General American

General American (abbreviated as GA or GenAm) is an umbrella variety of American English—a continuum of accents[1]—commonly attributed to a majority of Americans and popularly perceived, among Americans, as lacking any distinctly regional, ethnic, or socioeconomic characteristics.[2][3][4] Due to the perception of such a variety of English being widespread throughout the United States, General American is sometimes, though controversially,[5] known as Standard American English.[4][6][7] The precise definition and usefulness of "General American" continues to be debated,[8][9][10] and the scholars who use it today admittedly do so as a convenient basis for comparison rather than for exactness.[8][11]

Standard Canadian English is sometimes considered to fall under the phonological spectrum of General American,[7] especially rather than the United Kingdom's Received Pronunciation; in fact, spoken Canadian English aligns with General American in nearly every situation where British and American English differ.[12]



The term "General American" was first disseminated by American English scholar George Philip Krapp, who, in 1925, described it as an American type of speech that was "Western" but "not local in character."[13] In 1930, American linguist John Samuel Kenyon, who largely popularized the term, considered it equivalent to the speech of "the North," or "Northern American,"[13] but, in 1934, "Western and Midwestern."[14] Now, typically regarded as falling under the General American umbrella are the regional accents of the American West,[15][16] Western New England,[17] the American North Midland,[18] and arguably all of English-speaking Canada west of Quebec.[7] By 1982, according to British phonetician John C. Wells, two-thirds of the American population spoke with a General American accent.[4]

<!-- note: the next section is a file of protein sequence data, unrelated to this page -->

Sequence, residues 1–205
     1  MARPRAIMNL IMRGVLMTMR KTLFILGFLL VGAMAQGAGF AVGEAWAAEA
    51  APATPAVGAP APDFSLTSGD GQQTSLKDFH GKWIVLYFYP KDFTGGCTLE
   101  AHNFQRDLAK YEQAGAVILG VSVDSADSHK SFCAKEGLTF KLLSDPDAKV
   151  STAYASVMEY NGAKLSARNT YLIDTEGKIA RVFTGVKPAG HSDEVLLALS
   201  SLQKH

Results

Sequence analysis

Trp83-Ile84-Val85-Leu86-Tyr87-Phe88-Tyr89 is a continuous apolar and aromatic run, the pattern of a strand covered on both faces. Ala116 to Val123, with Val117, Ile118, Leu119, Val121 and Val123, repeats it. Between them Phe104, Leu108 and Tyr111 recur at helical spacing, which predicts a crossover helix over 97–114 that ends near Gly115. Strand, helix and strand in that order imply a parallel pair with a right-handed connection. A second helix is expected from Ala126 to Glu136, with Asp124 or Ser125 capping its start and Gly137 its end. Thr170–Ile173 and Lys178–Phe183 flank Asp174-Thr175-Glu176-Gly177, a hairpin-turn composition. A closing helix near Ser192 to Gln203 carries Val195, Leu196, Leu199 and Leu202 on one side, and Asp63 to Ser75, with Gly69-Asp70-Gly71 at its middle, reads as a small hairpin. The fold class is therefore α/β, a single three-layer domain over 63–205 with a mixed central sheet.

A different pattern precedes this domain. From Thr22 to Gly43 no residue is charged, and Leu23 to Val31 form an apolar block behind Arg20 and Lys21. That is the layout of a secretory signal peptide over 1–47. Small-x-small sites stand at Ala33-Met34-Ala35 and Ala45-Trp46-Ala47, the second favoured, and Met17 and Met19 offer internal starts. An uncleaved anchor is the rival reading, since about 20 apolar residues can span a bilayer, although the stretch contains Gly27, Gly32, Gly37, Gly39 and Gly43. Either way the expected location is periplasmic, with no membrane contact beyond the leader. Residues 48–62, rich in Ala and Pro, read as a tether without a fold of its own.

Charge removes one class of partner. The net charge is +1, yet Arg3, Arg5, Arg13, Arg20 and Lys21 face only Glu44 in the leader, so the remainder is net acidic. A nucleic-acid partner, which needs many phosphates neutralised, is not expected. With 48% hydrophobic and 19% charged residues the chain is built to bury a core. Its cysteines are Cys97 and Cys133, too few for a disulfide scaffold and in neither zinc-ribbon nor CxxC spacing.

Once in the earlier 20th century, but no longer included since the 1960s, are the more recent regional dialects of the Mid-Atlantic United States,[19] the Inland Northern United States,[1] and Western Pennsylvania.[20] Accents that have never been included, even since the term's popularization in the 1930s, are the regional accents (especially the "r"-dropping ones) of Eastern New England, New York City, and the American South.[21] By the 2000s, American sociolinguist William Labov concluded that, if anything could be regarded as "General American," it would essentially be a convergence of those pronunciation features shared by Western American English, Midland American English, and Standard Canadian English.[15]

Name and disputed usage

English-language scholar William A. Kretzchmar, Jr. explains in a 2004 article that

The term "General American" arose as a name for a presumed most common or "default" form of American English, especially to be distinguished from marked regional speech of New England or the South. "General American" has often been considered to be the relatively unmarked speech of "the Midwest", a vague designation for anywhere in the vast midsection of the country from Ohio west to Nebraska, and from the Canadian border as far south as Missouri or Kansas. No historical justification for this term exists, and neither do present circumstances support its use... [I]t implies that there is some exemplary state of American English from which other varieties deviate. On the contrary, [it] can best be characterized as what is left over after speakers suppress the regional and social features that have risen to salience and become noticeable.[10]

Because of the privileging and prejudice potentially associated with calling one variety of American speech "General," especially to imply that it is the nation's prestige dialect, Kretzchmar prefers the term Standard American English, claiming it is a more neutral term, describing a level of American English pronunciation "employed by educated speakers in formal settings," while still being variable within the U.S. from place to place, and even from speaker to speaker.[6] However, this term may also be problematic, since "Standard English may be taken to reflect conformance to a set of rules, but its meaning commonly gets bound up with social ideas about how one's character and education are displayed in one's speech."[6] The term Standard North American English, in an effort to incorporate Canadian speakers under the accent continuum, has also been very recently suggested by sociolinguist Charles Boberg.[7]